My friend Kathryn got married this weekend. A truly wonderful event that forced my hand to leave the comfort of my familiar Cowtown (and miss the opening of the Calgary Stampede) to visit rural Ontario and experience the joyous event.
I gotta say, probably the most relaxful weekend I’ve had in … well, a really long time.
It started with a fairly hectic departure on Thursday afternoon. Alex drove me to the airport, I had to run out to a flight, which although I made with a bit of time to spare, ended up being late no thanks to the caterers. (In other words, less food on the plane than there should have been.)
And although I flew Air Canada — perhaps my least favourite airline — I had a really good experience. I was pleasantly surprised. Still, I’ll fly WestJet because I like it. Arrived in Toronto, checked into the airport Sheraton, and had a good night’s sleep.
The following day, I picked up my rental car, and proceeded to drive out to Beaverton. The Ford Focus has been a decent car, though I don’t think I’d run out and buy one. It’s okay, but far from perfect.
The drive took my through stomping grounds not trampled in many years. I turned north in Whitby (having accidentally gone as far as Oshawa) up Highway 12.
As soon as I felt I was out of the urban area, I turned off the air conditioning, rolled down the windows, and turned my iPod to play nothing but The Tragically Hip. It’s been years since I did this. I’d been thinking of it for a couple of weeks, and it was a thoroughly liberating experience to blare over 15 years’ of music as I blasted through the plains of rural Ontario. How I missed the experience.
Along the way, I found a few abandoned rail lines (I need to figure out which they were), back roads, and small towns I’d never been to (or through). Beaverton itself is a rather interesting little place, and the sort of place you would buy a small cottage for weekend (or summer) escapes. This is where Andrea’s parents have retired to, though they’re not even in Beaverton proper, prefering more remote locations.
I actually got lost finding the place. Well, not lost per se, but I definitely overshot where I needed to be by 15 clicks or so. Rather embarrassing for someone who would normally pride themselves on knowing where they were and where they were going. (See, hon, I’m saying I was wrong. Take note of this!)
Imaging driving up a corduroy road. Weeds standing shoulder high. No ferris wheel rusting off in the distance, but there’s not much else. Suddenly, there’s a break in the bush at the side of the road. The path is full of stones turned white from age and abuse. It looks like danger to go down it. At the end is a clearing with a gorgeous brick farmhouse, manicured lawns, and enough clear cut grass to park cars.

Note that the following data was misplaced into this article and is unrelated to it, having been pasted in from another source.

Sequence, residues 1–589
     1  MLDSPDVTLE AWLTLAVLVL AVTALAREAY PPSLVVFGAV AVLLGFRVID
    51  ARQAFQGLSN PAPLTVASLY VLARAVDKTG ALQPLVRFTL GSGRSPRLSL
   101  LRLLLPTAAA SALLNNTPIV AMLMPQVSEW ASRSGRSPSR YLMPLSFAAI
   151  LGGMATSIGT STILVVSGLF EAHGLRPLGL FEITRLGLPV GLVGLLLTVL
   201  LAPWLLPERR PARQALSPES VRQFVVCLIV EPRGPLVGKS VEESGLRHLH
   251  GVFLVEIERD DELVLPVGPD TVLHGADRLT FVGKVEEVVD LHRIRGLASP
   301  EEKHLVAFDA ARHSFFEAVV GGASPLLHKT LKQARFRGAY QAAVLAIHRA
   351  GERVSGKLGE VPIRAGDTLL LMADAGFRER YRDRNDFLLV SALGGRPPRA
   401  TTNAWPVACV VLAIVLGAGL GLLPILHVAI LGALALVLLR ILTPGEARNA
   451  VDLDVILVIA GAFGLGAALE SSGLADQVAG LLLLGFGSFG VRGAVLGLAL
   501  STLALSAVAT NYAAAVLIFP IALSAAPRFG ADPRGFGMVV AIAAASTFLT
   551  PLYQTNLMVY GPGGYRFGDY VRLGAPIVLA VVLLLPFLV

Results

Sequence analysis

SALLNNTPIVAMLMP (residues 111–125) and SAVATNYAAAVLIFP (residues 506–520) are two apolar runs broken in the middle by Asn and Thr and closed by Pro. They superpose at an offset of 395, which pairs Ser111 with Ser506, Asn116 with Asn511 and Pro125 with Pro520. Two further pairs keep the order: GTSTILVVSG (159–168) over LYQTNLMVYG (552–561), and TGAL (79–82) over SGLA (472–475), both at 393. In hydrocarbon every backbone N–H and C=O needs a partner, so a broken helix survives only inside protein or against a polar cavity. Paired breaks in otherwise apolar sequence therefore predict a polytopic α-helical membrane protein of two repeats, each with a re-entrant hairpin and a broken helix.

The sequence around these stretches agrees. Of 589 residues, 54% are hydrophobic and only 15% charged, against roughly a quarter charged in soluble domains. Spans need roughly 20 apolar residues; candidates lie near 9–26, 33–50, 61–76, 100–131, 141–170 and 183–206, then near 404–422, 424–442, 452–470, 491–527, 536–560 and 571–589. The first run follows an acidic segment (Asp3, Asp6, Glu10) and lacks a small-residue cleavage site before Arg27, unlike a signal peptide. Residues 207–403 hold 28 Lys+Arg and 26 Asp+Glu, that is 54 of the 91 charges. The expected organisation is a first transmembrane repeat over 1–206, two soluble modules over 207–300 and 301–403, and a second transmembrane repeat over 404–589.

This is where all the fun took place. And it was only as I came into the yard that I realised something I had not thought of before:
Would I know anyone there?
It dawned on me that aside from Kathryn’s family — who barely recognised me in the 12-odd years since I last saw them — I didn’t know anyone. I was one of the oldest friends Kathryn had there. If not the oldest. I feel old just thinking about it! But as I talked with Maureen — Kathryn’s mom — I spied the names of Gerry and Sam, mutual friends whom I’d met through Chris years ago. (Gerry and I had done a trans-Canada trip back in 1997, and I went their wedding in 2001.)
At least I wasn’t alone.
Although I was uncomfortable in the heat (not as bad as Paris last summer), the ceremony was wonderful, the food excellent, and I had a great time catching up with my old friends. It had been a very long time since I’d had a good chat with Gerry and Sam. Just made me remember why I like them so much.
The night carried on and soon dinner was over, the dancing begun, and the mosquitoes were out in swarms. We lathered up with repellent to prevent severe blood loss, but even that wasn’t enough for some.
I met up with Marika, Kathryn’s friend for many years [[Kathryn comes for a visit|whom had stayed at Chris’ and my apartment back in 2001]]. She in turn pointed out Bryce, whom I’d met the night of the Camelot show.
Insert singing dolls here.
I had to leave around 22:00, as I still had 90 minutes to drive. I wasn’t going back towards the airport, but up to Huntsville to hang out with my family for the rest of the weekend. (I figured I had to make the most of the time.)
I said goodbye to Gerry and Sam, which seemed such a shame — I rarely get to see or chat to them and leaving so soon just seemed so wrong. I was sorry to say goodbye to Kathryn as well, since I’d barely had a chance to talk to her. I wasn’t the furthest away to come (Marika beat me — she came from Vancouver), but it’s still hard to see someone only a short while.
The drive up to Huntsville was punctuated by road signs I could barely read, drivers who seemed to not know where they were going, and the need for high beams so I could see in the intense black of the northern Ontario night. At the end, Craig was waiting for me with a beer.
In a weird way, it was sort of home. In a very confused, fast-paced, intense, and long-distance way, that is.